Real Madrid has topped the Money League for the first time since the 2017/18 season with record revenues of €831m.
The 27th edition of the Deloitte Football Money League has revealed the top 20 men’s and top 15 women’s highest revenue generating football clubs for the 2022/23 season, naming Real Madrid top of the men’s league and FC Barcelona Femení top of the women’s.
Cumulatively, Deloitte has reported record revenues of €10.5bn, an increase of 14% compared to the €9.32bn in 2021/22. This surge has been driven by record matchday (€1.9bn) and commercial revenues (€4.4bn), with the latter overtaking broadcast revenues.
Matchday revenue has increased due to stadiums opening back up across Europe, following the COVID-19 pandemic, which was met by fans with a high demand for live sports.
However, commercial revenue has stolen the spotlight, representing the largest income stream for Money League Clubs for the first time since the 2015/16 season, with 17 of the top 20 clubs reporting YoY growth in commercial revenue.
Last year saw Real Madrid sign a plethora of commercial deals, including sponsorships with Visit Dubai, the Saudi Investment Bank and Adobe. Meanwhile, existing partnerships such as a deal with betting operator SportyBet remained active.
In contrast, the report has highlighted that broadcast revenues only increased by 5%, which is expected due to the season falling within domestic broadcast cycles. Media appears to have been a thorn in the side of the club of late, best demonstrated by its legal dispute with La Liga.
Tim Bridge, Lead Partner in Deloitte’s Sports Business Group, commented: “Another record-breaking year for Money League clubs represents the ongoing financial might of the football industry. A high demand for live sport is pointing towards further growth for commercial and matchday revenues, in particular.
“As clubs appear to no longer be able to rely on exponential broadcast revenue growth, creating a more commercially focused business model will support them to achieve greater control over their financial stability. This may include developing new merchandise, or non-match day events such as concerts to create new commercial offerings.”
Focusing on the men’s league leaders, Real Madrid has reported a record revenue of €831m, an addition of €118m over the year, which helped them knock Treble winners Manchester City off the top spot.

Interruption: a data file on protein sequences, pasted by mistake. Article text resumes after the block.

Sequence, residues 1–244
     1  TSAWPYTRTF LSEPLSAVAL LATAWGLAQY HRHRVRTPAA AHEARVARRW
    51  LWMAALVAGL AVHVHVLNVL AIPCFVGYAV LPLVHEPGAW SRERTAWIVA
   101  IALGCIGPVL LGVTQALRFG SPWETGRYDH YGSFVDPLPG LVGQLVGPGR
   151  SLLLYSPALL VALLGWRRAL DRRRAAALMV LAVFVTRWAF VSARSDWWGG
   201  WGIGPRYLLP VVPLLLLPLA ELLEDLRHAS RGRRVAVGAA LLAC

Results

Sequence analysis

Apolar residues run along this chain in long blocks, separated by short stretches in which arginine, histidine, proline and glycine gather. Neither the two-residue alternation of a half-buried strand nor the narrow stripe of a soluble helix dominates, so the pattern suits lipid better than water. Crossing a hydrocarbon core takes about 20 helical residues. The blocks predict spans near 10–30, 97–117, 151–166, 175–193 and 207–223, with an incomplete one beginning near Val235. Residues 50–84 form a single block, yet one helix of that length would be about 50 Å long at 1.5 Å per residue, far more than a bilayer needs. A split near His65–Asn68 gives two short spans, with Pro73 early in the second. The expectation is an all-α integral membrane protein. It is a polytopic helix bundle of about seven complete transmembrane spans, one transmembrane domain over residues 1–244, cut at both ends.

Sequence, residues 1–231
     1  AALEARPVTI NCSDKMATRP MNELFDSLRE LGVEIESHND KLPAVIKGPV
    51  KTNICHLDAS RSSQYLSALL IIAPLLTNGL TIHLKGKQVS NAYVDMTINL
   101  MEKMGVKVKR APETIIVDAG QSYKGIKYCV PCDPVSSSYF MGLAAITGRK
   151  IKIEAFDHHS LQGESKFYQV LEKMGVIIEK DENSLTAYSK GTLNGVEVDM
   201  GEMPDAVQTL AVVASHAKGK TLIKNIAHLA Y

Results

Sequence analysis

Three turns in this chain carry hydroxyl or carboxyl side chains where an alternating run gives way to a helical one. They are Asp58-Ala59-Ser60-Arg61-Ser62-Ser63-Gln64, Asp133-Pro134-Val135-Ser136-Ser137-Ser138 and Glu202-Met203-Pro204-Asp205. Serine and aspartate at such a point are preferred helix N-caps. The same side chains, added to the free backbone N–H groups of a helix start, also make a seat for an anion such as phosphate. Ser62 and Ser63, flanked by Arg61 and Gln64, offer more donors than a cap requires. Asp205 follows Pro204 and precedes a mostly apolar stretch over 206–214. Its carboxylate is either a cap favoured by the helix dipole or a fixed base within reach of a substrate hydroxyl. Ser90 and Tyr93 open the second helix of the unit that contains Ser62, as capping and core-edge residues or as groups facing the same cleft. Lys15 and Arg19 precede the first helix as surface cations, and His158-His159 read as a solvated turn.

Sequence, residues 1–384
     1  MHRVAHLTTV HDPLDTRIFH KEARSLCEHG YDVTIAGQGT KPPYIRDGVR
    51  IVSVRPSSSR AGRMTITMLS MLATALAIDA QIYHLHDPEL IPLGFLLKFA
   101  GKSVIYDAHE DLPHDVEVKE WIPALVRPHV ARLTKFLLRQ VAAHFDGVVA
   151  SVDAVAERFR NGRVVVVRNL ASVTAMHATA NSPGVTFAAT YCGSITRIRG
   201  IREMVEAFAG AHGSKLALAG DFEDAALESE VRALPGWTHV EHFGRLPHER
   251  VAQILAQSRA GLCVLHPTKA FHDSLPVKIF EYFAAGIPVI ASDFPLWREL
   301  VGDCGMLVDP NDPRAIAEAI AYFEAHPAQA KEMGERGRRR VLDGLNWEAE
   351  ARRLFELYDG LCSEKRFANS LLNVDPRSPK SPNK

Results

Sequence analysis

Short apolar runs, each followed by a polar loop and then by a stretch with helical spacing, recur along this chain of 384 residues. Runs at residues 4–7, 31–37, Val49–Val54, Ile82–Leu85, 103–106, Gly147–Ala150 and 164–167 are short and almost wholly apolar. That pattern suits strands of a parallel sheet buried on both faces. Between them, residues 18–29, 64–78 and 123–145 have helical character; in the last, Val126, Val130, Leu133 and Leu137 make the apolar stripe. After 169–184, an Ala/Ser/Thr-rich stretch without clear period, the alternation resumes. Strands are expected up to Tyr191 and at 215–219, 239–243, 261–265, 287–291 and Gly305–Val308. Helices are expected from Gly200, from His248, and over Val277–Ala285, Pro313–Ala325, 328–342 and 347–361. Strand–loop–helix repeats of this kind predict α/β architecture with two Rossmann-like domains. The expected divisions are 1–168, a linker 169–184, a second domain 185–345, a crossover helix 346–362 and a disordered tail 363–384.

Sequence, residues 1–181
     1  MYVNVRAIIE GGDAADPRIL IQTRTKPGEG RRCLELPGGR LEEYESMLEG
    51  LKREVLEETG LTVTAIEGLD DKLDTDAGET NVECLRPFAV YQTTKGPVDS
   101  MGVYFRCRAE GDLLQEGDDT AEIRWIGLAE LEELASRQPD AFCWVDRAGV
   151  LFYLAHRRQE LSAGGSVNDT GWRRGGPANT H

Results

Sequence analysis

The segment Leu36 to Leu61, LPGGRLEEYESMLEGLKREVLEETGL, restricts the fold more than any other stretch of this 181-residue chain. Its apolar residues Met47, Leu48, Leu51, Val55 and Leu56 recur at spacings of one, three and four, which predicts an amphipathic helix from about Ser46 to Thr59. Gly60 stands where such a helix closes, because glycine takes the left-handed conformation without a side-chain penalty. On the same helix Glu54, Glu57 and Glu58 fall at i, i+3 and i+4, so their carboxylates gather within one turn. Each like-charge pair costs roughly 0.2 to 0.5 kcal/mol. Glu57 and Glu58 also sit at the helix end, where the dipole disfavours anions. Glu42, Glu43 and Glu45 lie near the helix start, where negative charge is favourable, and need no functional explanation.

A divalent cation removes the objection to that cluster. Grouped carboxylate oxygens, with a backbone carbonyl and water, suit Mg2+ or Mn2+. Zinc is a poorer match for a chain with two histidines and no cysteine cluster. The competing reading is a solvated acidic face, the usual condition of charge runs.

The change in positions between the Spanish and English clubs shows that European clubs are beginning to regain ground on Premier League clubs, with Paris Saint-Germain also breaking into the top three for the first time.
Bridge added: “In the coming seasons, European clubs may look to further diversify their revenues in order to gain control over a larger proportion of their total revenue. This will enable clubs to not only protect themselves from the variability of on-pitch performance, but also wider challenging macroeconomic conditions and changes to the football system.
“At a time when clubs face a greater degree of financial regulation, striking the right balance between securing the best on-pitch talent with sustaining a sound financial foundation through commercial activities will be key.”
Like last year, FC Barcelona Femení has secured top position in the women’s league, with an impressive revenue of €13.4m, a YoY growth of 74%. To put that statistic into perspective, the average revenue for the women’s league was €4.3m.
Amy Clarke, Women’s Sport Lead in Deloitte’s Sports Business Group, commented: “Significant levels of financial growth were recorded in the 2022/23 season across the top-tiers of European women’s football.
“A rise in the number of women’s matches playing at clubs’ main stadia boosted matchday revenues, while increased viewership and individual partnerships helped to accelerate the commercialisation of the game.”
Development of women’s football is apparent, Deloitte has reported a 61% YoY growth in women’s revenue. Barcelona, Manchester United and Real Madrid are leading the way. However, all 15 clubs assessed have increased revenues from the previous season.
Clarke added: “Women’s football is beginning to tell the tale of growth, but that growth is not confined by a single business model. Each club is exploring its own unique way to maximise revenues within the current structure of the game.”